Network Service Mesh: Linking Multicloud workloads

Network Service Mesh: Linking Multicloud workloads

The Cloud Native Computing Foundation develops technologies to connect multi-cloud enterprise workloads at the network layer, regardless of where they are running. […]

Networking multicloud-based enterprise workloads can be complicated and tedious, but there is an open source software project that could change that. Under the name Network Service Mesh [engl.] the project would enable cloud-based Kubernetes workloads to communicate securely, regardless of where they are in different clouds.

It is under the auspices of the Cloud Native Computing Foundation, which is part of the Linux Foundation.

And the need for such technologies is growing. Cisco recently published a study [engl.]According to which companies with 5,000 or more employees are likely to use more than 10 public cloud providers and 20 to 100 SaaS providers in categories such as e-mail, collaboration and video telephony, as well as customer relationship and human capital management.

For the proponents of Network Service Mesh, this is a potentially very attractive working environment.

Lower complexity

“Network Service Mesh allows the customer to connect individual workloads, wherever they are running – whether multi-cloud or hybrid cloud – to a service mesh without the complexity of [Layer 7]-Gateways or the orchestration of a single, large, complex, flat [Layer 3]Domain,” said Ed Warnicke, Principal engineer at Cisco’s Office of Open Source Initiatives.

The traditional Application Service Mesh works on Layer 7 (HTTPS) with the main features of Service discovery and routing of HTTPS requests from the workloads to the services. “Network Service Mesh takes some of the ideas of traditional Application Service Mesh and brings them to L3. The most important function is the detection and routing of network services – the connection of individual workloads to ‘network services’ via virtual lines or vWires,” he said.

Basically, Network Service Mesh creates dynamic, flat L3 overlays as needed, on which companies operate a service mesh and into which they can integrate all authorized workloads. “Ultimately, this allows teams to choose the best options for running their workloads – across multiple clusters, in legacy environments, on-premises, or in public clouds – without worrying about additional levels of complexity or additional risks,” says Warnicke.

So far, attempts have been made to solve the challenge of multi-cloud communication by either placing all workloads and the service mesh control layer in a single flat L3 network, or using a system of L7 gateways, which in turn reach others via a flat L3 network. According to Warnicke, a flat L3 network is very difficult to arrange in a multi-cloud/hybrid environment, and the L7 gateways are extremely complex to maintain and configure and represent a bottleneck in the system.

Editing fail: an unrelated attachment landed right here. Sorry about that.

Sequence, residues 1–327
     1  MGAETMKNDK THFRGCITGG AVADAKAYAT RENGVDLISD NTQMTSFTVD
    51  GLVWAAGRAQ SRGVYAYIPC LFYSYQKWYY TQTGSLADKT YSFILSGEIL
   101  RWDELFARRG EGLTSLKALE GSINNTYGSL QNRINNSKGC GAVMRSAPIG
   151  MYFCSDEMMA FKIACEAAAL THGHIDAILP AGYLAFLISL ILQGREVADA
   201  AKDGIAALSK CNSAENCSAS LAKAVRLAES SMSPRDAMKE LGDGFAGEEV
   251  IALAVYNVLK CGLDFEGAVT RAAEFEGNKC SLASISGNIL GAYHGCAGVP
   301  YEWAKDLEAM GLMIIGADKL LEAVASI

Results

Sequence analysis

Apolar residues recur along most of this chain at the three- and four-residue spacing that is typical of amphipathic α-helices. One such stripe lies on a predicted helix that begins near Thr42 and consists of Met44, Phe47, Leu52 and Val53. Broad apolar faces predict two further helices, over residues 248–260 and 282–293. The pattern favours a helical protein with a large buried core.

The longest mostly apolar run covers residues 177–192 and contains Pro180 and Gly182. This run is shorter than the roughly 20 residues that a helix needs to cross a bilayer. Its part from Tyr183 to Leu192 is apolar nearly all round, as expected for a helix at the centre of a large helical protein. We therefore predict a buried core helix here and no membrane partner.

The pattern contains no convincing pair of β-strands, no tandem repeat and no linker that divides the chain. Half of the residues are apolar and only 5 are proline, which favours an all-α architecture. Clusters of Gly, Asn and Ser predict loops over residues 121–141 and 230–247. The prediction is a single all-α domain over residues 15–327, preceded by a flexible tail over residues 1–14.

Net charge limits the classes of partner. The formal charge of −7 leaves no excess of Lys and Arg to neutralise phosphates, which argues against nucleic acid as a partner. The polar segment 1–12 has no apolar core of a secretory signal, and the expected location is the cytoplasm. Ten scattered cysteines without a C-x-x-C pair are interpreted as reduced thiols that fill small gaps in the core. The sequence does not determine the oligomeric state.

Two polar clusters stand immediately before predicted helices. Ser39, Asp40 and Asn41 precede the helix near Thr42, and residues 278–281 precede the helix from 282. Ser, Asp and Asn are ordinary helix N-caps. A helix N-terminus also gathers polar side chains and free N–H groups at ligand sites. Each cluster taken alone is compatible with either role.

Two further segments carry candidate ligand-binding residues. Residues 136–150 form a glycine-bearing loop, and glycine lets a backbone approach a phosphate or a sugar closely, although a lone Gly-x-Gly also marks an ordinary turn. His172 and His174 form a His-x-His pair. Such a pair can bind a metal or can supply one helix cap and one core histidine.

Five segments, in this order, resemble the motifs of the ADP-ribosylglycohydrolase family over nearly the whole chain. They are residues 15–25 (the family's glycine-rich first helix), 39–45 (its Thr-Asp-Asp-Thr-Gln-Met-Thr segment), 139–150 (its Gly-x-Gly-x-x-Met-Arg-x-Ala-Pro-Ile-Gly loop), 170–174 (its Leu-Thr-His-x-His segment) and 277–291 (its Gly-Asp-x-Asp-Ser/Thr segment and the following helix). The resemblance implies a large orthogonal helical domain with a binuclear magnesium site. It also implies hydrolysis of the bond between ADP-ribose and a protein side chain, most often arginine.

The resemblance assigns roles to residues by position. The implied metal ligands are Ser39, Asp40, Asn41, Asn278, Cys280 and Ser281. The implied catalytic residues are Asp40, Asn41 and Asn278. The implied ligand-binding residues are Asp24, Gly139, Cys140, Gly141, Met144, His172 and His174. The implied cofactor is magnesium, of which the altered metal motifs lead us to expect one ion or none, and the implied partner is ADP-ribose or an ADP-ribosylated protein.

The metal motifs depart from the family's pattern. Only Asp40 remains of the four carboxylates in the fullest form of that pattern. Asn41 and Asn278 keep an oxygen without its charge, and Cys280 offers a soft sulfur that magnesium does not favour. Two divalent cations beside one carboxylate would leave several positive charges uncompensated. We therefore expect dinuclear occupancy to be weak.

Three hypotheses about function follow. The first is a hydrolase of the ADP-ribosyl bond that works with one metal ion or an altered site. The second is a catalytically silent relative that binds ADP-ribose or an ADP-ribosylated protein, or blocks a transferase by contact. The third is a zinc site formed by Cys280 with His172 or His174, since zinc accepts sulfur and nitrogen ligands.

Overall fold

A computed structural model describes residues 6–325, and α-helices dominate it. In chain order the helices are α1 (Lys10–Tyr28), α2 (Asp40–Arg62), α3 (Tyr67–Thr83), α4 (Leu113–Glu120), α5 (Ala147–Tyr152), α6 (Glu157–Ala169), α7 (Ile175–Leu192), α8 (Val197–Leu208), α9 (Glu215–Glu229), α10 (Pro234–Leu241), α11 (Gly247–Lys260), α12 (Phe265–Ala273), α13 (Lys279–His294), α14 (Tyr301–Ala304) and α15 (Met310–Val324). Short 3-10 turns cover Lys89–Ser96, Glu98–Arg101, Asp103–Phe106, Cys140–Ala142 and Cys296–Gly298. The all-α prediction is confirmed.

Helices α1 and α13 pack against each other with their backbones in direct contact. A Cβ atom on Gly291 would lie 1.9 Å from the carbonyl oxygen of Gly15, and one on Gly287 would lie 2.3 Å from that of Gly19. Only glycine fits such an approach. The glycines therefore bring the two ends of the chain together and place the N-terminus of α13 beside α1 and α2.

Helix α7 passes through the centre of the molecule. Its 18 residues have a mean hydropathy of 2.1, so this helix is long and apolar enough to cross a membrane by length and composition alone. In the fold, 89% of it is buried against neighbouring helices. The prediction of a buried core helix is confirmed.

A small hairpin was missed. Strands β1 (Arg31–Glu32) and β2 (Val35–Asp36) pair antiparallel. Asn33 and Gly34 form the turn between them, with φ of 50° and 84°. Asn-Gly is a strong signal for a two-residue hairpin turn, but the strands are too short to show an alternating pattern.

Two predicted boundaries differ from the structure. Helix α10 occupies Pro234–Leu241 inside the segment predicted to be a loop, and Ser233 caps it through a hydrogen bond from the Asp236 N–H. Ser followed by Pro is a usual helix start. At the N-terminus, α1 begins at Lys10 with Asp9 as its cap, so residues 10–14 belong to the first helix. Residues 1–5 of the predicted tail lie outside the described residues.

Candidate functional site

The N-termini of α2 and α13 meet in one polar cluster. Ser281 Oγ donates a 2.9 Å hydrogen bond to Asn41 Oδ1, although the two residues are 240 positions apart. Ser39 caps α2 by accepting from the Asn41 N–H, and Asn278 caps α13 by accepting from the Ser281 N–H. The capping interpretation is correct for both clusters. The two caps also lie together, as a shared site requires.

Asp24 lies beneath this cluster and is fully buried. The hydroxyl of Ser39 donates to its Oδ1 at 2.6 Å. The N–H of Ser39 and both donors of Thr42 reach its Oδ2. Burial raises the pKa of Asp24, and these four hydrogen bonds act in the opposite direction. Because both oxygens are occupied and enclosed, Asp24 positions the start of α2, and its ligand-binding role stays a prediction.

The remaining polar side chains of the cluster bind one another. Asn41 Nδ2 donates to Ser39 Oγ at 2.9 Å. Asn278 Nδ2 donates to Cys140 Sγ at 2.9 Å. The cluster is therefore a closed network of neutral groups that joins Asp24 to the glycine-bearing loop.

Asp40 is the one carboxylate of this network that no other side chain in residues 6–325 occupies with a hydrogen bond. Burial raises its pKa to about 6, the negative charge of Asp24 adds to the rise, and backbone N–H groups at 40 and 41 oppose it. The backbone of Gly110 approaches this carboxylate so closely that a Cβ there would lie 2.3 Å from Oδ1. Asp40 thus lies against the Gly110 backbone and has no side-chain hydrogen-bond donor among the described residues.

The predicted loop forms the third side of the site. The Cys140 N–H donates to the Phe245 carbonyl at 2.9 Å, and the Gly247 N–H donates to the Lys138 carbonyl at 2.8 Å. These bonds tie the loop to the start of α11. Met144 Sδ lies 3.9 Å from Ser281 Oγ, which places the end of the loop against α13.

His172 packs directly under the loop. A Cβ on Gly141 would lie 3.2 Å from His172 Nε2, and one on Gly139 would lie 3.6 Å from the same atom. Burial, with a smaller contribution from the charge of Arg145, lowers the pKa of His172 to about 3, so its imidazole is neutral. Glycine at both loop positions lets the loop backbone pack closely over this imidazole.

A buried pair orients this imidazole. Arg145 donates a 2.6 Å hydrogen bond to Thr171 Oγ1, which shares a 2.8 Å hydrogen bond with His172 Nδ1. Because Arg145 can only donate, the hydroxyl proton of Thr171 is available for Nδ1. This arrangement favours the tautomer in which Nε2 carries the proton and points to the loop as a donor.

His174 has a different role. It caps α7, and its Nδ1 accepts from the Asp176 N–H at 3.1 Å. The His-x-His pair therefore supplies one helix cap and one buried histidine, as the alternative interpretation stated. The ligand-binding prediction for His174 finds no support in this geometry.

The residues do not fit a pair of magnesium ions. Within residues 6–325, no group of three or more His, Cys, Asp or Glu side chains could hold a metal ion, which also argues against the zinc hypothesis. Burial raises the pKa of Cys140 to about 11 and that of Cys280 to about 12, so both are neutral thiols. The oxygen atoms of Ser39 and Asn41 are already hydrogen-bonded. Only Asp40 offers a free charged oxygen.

Network Service Mesh itself does not offer traditional L7 services. It offers the complementary service of a flat L3 domain that individual workloads can connect to, so that the traditional service mesh can perform its tasks better and more easily in a larger area, Warnicke says.

Network Service Mesh also enables multi-service mesh, i.e. the ability of a single container pod to connect to more than one service mesh at the same time, regardless of its location, according to Warnicke.

Network Service Mesh has identity federation features and approval policies that allow one company to selectively include another company’s workloads in its service mesh, Warnicke said.

The Cloud Foundation cites some typical use cases for Network Service Mesh, including:

  • A common flat vL3 domain that allows DBs running in multiple clusters/clouds/hybrids to communicate with each other only for DB replication.
  • A single L7 service mesh (Istio/Linkerd/Consul/Kuma) that connects workloads running in multiple clusters/clouds/on-prem.
  • A single workload connected to multiple L7 service meshes.
  • Workloads from multiple companies that connect to a single “collaborative” service mesh for cross-company interactions.

Network Service Mesh is an open source project of the CNCF, on which a number of vendors such as Cisco, Xored and Ericsson are working, and, according to Warnicke, some implementations are already available. “With the regular release (about every 60 days), more use cases will become available. According to Warnicke, the ‘Istio Extender’ use cases will be released as part of version 1.4 at the beginning of June.

*Michael Cooney is a senior editor at Network World and has been writing about the IT world for more than 25 years.

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